Members of the Curricular Review’s Committee on General Education, the only review committee that has yet to issue a written report to the Faculty, met last Thursday for the first time this summer to work on the committee’s report with the goal of completing a set of recommendations by the fall semester.
The committee is expected to produce a guiding philosophy for general education that will serve as the cornerstone of the entire review. It has, however, been criticized over the past year for its inability to develop such a philosophy.
The committee submitted a “Draft Final Report” to the Faculty Council five months ago, but the Council—the Faculty of Arts and Sciences’ 18-member governing body—was disappointed with what they called the report’s lack of vision, and ultimately killed it before it was released to the entire Faculty.
Bass Professor of English and American Literature and Language Louis Menand, one of seven members of the general education committee who attended the July 28 meeting, said that the basic question of what general education at Harvard should look like was discussed at the meeting. And Saltonstall Professor of History Charles S. Maier ’60, another committee member who attended the meeting, said that the committee plans to meet again some time later this month and ultimately submit a report that could run about 30 pages long.
In addition to Maier and Menand, the other committee members who attended the meeting were Dean of the Faculty William C. Kirby, Fisher Professor of Natural History and Professor of Earth and Planetary Sciences Andrew Knoll, Bass Professor of Government Michael J. Sandel, and Professor of Philosophy Alison Simmons. Dean of the College Benedict H. Gross ’71, an ex officio member of the committee, was also present, along with other guests.
University President Lawrence H. Summers, who was involved with the Committee on General Education as an ex officio member in 2004, did not attend the meeting. He ceased his formal contribution to the review in 2005, citing a desire “for the Faculty to take full responsibility for the review.”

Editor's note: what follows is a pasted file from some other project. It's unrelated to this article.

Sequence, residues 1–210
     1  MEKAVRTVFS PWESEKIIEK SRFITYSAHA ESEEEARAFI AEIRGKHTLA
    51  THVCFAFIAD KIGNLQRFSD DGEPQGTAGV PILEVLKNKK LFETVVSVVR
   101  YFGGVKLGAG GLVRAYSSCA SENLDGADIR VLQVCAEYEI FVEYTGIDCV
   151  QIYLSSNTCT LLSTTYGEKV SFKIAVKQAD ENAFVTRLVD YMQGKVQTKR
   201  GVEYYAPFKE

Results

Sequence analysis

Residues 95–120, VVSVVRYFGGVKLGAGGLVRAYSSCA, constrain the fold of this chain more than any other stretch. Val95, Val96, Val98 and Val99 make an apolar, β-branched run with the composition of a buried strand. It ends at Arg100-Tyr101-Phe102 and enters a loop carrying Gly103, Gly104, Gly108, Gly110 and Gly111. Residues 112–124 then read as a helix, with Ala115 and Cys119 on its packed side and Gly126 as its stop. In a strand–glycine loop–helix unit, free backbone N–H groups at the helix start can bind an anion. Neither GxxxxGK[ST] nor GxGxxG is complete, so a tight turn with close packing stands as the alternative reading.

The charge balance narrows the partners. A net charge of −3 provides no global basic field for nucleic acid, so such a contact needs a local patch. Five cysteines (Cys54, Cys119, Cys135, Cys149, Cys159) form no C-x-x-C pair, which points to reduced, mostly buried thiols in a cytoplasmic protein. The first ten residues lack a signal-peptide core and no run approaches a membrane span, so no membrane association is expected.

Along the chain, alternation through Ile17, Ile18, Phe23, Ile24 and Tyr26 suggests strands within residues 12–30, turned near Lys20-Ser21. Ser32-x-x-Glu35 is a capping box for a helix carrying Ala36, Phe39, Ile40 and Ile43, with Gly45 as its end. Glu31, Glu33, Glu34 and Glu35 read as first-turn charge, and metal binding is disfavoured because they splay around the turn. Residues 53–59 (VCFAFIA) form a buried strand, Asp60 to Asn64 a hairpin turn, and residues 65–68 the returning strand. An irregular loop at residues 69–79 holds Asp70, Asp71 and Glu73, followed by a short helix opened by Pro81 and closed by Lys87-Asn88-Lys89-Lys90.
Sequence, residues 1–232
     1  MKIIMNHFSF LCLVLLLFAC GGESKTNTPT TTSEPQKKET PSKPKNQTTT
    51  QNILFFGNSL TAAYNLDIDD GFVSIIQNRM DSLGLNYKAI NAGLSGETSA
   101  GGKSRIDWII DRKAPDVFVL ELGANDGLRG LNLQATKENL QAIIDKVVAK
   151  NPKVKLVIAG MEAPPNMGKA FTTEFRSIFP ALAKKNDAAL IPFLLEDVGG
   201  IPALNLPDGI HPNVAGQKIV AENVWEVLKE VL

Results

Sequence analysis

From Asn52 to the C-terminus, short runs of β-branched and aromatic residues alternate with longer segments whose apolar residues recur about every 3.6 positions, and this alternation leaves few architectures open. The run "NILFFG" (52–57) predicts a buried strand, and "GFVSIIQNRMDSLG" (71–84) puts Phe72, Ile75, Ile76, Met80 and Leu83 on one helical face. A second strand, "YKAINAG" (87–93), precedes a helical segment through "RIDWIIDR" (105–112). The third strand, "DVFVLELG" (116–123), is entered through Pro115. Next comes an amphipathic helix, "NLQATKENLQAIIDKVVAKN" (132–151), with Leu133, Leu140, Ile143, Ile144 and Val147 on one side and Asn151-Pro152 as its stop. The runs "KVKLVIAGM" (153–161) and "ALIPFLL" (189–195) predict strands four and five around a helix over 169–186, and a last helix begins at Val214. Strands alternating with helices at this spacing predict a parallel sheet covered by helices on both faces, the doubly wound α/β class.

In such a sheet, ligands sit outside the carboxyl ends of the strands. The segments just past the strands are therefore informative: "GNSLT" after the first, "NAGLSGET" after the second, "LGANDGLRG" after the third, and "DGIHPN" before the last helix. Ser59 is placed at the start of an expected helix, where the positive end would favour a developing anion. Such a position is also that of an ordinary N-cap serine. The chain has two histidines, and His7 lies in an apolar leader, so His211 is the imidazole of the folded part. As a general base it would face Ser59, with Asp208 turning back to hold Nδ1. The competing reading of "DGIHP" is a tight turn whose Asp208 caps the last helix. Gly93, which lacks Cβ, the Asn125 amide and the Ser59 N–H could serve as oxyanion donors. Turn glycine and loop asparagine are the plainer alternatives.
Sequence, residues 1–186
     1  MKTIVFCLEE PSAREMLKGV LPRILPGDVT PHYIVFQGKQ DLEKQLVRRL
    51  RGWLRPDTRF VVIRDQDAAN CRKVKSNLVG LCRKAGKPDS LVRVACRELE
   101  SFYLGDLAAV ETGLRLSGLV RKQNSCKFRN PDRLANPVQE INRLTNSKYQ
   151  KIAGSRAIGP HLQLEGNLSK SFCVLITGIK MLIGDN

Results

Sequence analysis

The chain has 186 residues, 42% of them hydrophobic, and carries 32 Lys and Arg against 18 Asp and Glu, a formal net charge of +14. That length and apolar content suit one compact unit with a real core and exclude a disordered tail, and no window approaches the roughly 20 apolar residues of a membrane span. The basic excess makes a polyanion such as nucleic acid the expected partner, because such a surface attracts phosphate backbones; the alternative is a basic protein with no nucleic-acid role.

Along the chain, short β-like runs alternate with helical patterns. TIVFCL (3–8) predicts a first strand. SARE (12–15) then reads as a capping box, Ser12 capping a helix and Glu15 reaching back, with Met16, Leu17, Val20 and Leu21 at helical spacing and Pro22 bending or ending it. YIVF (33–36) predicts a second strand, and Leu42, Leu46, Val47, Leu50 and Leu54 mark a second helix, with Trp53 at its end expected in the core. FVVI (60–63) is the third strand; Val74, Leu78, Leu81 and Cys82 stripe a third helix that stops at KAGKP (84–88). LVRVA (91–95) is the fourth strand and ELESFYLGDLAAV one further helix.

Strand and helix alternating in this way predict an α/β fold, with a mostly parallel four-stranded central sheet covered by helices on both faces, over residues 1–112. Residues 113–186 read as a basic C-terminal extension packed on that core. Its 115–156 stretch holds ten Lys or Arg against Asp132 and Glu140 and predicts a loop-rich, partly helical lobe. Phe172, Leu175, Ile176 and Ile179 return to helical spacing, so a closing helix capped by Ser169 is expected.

The question of what general education at Harvard should look like has been under discussion for two years now—first by a committee from the 2003-04 academic year, and then by the current committee last year—though few definitive recommendations have emerged.
The suppressed March 2005 “draft final report,” a copy of which was obtained by The Crimson, recommended replacing the Core with a mixture of distributional requirements and as-yet vaguely defined “Harvard College Courses.” Though the Harvard College Courses will likely exist, they will do so under a more unassuming moniker.
“I think we have made some progress in articulation,” Maier said of the committee’s work, adding however: “There are still decisions to be made...[but] I think we will have something by the fall.”
The committee members working over the summer are attempting both to fill in details lacking from their previous report—such as what Harvard College Courses could look like—and to provide more justification for the foundation of their recommendations by answering questions such as “Why one should move onward from the core,” Maier said.
“Every faculty member will tell you the defects” of the March report, he said. That 10-page report was notoriously lacking of detail, and Maier said the committee is hoping that its new and longer report will placate professors with a “much fuller explanation” of the choices the committee made, including the way it hopes to balance distributional requirements with special general education courses.
“I think we are all fairly agreed that there will be much more chance for distribution requirements to be done within the department [than was possible under the Core],” said Maier, but “we want to get a proposal that is much more persuasive.”
Once the report is completed, it will likely be discussed by the full gen ed committee before being sent to the Faculty Council, where the March report stalled.
If the new report is better received by the Council, they will release it to the full Faculty for discussion and an eventual vote.
In May, the Faculty Council added five Faculty meetings to the schedule for the 2005-06 academic year, in anticipation of the extra time that would be required to discuss reports such as the new general education recommendations.
—Staff writer Evan H. Jacobs can be reached at email@example.com.
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